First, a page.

With the majority of marketing and advertising now directed through social media, many brands are not only attempting to be seen but also stand out. For a long time, brands followed the same pattern of posting ads and trying to fit in with the young social media community by maybe posting a joke or two.  But this isn't enough. Audiences often know when they're being advertised to, and they'll scroll past most of the ads they see. Arby's has found a way to combat this oversaturated way of using social channels.

Arby's became another fan on the internet, someone that the audience could connect with. Their posts have viral qualities, pairing pop culture, artwork, and fast food all into one. It's a combo that's bringing in the customers like crazy.

Some of their most popular posts are videos. Here's an example that combines Kirby the Nintendo game character and the Arby's product, curly fries. Stop motion animation makes the social post fun to watch and draws the eye. It's also very clever, as Kirby's power is to vacuum everything into his mouth. Talk about an enagaging post!

It's been 25 years and he's still hungry

A post shared by Arby's (@arbys) on

After scrolling through the comments on both Twitter and Instagram, there was a massive influx of positive comments. Many saying that these posts by Arby's literally drew them to the store. One fan commented:

"...Who ever thought of these things please atleast give them a raise. In fact give the marketing team a raise please cuz imma go to arbys just cuz of this. Never had arbys but this finna be a first." @idkamfam

The posts are also inspiring their audience. Not only do they want to come in and eat the food, but they want to recreate the art too. This is a perfect example of the right way to build a niche and social community for a brand. Look how many likes and retweets!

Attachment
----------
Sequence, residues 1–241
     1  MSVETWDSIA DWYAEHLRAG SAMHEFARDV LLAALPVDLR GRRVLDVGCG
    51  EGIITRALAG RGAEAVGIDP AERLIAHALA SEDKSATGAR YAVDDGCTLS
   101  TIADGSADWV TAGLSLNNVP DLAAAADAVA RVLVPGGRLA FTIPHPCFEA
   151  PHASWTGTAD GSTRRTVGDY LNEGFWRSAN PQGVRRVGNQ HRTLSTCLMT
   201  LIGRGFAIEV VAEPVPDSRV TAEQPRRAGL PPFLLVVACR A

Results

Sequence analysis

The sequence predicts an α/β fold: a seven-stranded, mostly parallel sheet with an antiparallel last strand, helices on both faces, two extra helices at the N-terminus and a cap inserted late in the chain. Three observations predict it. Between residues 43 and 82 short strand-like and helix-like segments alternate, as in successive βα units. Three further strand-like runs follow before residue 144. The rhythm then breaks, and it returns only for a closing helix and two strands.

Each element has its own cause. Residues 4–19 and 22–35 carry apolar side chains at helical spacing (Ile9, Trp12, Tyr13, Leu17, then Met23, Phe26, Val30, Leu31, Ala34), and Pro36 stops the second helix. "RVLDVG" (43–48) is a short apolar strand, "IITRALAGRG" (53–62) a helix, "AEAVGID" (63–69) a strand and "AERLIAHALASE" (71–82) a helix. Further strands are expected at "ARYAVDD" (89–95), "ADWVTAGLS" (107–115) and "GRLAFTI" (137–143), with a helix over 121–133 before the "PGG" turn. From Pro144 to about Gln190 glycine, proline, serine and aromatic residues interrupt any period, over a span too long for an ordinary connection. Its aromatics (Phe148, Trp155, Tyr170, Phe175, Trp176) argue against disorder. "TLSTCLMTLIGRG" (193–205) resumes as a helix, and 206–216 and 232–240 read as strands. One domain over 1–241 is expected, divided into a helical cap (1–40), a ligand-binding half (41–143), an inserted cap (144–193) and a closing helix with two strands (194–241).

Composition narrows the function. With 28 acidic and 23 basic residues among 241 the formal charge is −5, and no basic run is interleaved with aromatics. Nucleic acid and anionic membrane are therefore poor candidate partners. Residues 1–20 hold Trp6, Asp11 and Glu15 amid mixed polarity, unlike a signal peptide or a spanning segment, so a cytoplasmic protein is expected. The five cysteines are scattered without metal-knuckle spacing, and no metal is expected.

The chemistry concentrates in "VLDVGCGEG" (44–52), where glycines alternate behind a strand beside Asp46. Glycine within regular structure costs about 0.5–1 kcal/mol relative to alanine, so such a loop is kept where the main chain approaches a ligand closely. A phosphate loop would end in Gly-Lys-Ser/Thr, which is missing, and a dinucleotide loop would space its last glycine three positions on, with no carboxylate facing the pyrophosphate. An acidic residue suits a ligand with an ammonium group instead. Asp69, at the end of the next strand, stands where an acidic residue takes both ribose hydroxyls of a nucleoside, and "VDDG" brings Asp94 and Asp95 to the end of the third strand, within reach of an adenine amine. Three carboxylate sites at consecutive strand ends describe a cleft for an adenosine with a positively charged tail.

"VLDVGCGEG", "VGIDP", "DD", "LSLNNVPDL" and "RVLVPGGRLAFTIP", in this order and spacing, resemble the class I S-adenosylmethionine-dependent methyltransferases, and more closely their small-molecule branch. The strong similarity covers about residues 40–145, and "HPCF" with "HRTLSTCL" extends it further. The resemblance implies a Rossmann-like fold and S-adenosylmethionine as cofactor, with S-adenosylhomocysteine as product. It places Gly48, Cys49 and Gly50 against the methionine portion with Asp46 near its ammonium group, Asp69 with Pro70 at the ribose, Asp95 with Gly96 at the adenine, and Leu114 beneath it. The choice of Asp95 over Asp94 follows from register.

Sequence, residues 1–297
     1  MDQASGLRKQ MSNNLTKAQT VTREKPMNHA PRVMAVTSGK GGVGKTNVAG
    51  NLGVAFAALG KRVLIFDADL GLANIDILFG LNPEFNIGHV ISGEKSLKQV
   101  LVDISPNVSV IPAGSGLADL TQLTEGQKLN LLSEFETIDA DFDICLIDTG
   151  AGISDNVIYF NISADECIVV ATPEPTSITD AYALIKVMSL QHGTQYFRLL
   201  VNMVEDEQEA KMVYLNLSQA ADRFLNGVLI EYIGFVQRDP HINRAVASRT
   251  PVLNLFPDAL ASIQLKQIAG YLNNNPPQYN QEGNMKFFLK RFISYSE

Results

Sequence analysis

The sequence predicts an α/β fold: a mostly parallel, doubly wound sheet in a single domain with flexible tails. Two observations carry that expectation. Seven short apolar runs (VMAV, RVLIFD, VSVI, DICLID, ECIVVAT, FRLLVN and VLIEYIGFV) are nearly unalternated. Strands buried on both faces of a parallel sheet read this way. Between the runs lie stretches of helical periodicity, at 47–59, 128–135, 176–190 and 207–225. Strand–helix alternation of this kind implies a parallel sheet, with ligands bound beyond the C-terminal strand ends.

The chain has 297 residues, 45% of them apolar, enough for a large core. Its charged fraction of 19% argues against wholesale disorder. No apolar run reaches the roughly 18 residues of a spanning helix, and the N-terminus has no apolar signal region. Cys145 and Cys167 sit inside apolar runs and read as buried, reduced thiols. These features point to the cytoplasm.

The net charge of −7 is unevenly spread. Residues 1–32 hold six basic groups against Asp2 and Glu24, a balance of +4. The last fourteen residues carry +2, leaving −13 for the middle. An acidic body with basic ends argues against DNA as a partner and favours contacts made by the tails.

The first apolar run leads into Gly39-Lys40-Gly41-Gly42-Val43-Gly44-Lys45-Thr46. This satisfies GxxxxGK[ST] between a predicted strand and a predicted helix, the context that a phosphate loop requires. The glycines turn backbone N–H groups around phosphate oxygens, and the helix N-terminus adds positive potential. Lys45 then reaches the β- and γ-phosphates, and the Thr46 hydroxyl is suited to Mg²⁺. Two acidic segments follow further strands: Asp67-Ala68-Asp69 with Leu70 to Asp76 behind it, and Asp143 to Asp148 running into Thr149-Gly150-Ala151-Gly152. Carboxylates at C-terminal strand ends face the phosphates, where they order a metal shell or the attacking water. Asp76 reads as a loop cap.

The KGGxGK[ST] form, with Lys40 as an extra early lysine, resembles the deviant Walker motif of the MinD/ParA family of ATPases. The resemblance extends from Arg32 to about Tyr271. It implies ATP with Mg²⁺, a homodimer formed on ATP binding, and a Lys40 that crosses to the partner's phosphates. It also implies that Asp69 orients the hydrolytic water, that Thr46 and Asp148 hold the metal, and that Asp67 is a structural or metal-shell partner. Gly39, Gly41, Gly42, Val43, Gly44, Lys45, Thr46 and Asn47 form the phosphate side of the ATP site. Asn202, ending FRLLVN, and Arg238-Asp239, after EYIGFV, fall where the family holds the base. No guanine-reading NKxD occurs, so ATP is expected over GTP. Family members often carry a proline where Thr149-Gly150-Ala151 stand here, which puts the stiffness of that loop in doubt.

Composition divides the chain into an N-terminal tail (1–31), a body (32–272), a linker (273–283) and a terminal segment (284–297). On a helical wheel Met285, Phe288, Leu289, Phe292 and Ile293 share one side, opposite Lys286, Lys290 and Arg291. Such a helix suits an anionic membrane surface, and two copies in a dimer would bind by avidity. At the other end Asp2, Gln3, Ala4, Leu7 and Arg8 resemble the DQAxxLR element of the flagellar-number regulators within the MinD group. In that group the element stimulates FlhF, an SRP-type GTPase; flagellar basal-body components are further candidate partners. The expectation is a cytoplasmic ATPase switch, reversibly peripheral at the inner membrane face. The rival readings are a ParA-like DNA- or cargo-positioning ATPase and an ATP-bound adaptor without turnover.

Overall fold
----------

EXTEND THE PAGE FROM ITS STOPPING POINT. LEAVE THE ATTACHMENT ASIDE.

"Yup definitely eating at arbys and doing this on there Table from now on" -@luis.f.corona

The Arby's Team takes advantage of game releases and tv show finales, working the topics into their posts. This tactic of content creation is driving trending topics, right into their own social media.

In an interview with gaming website, senior director of digital and social at Arby's, Josh Martin, discussed why Arby's changed their content so drastically. “We decided that we should be focused more on engaging an audience on social that selling,” said Martin. “So we went all-in on that premise. Focused on putting stuff out on the news feed that people would react to and find interesting and worry less about trying to push a product.”

This was one idea that truly paid off. Arby's now boasts over 808k followers on Twitter and 222k on Instagram, with tens of thousands of likes. They're drawing in a crowd, and it's made them stand out in the fast food industry. For marketers, this content creation is truly inspiring. Creativity takes the driver's seat for their social. It might be time for more brands to catch on.